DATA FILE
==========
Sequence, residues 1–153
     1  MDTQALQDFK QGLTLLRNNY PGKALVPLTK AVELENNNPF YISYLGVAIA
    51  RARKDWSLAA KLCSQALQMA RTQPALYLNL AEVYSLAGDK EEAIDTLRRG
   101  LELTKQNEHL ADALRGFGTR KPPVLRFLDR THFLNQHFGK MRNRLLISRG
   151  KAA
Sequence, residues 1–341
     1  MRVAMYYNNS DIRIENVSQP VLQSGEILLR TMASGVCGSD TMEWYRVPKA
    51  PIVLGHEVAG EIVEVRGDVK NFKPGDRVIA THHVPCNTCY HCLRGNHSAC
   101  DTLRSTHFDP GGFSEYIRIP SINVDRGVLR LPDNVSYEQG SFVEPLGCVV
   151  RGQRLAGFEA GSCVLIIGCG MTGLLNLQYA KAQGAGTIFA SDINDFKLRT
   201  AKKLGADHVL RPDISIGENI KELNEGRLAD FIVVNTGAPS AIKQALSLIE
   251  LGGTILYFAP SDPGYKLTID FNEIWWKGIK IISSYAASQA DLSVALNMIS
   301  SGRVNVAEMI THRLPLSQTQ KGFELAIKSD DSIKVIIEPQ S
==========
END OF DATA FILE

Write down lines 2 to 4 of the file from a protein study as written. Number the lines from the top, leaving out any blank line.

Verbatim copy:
     1  MDTQALQDFK QGLTLLRNNY PGKALVPLTK AVELENNNPF YISYLGVAIA
    51  RARKDWSLAA KLCSQALQMA RTQPALYLNL AEVYSLAGDK EEAIDTLRRG
   101  LELTKQNEHL ADALRGFGTR KPPVLRFLDR THFLNQHFGK MRNRLLISRG